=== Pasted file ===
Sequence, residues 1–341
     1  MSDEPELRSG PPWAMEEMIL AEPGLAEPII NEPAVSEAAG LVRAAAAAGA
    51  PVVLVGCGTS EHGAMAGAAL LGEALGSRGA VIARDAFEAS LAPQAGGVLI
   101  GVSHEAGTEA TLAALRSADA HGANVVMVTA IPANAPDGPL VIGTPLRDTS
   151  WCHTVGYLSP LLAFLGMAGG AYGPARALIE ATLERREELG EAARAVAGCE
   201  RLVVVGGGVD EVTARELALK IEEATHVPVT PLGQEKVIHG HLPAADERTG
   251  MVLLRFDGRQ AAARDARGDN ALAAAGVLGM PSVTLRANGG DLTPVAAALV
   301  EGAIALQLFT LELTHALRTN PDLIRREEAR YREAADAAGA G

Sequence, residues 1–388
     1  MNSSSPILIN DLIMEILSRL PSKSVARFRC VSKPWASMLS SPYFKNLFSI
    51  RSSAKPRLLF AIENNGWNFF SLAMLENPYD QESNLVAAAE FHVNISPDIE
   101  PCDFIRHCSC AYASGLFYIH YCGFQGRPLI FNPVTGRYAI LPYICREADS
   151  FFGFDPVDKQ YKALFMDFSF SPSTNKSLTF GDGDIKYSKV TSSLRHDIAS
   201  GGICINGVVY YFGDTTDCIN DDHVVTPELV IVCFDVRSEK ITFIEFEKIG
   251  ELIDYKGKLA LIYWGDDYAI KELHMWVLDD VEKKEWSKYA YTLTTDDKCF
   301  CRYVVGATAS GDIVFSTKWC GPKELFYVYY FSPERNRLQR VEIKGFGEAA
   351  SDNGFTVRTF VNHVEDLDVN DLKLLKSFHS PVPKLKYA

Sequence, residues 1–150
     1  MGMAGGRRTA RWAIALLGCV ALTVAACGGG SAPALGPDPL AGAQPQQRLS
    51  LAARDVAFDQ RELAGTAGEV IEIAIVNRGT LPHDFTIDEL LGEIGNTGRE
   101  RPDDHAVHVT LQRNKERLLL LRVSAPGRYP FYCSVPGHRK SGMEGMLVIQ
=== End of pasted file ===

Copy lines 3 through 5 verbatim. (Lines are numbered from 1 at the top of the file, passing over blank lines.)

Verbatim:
    51  PVVLVGCGTS EHGAMAGAAL LGEALGSRGA VIARDAFEAS LAPQAGGVLI
   101  GVSHEAGTEA TLAALRSADA HGANVVMVTA IPANAPDGPL VIGTPLRDTS
   151  WCHTVGYLSP LLAFLGMAGG AYGPARALIE ATLERREELG EAARAVAGCE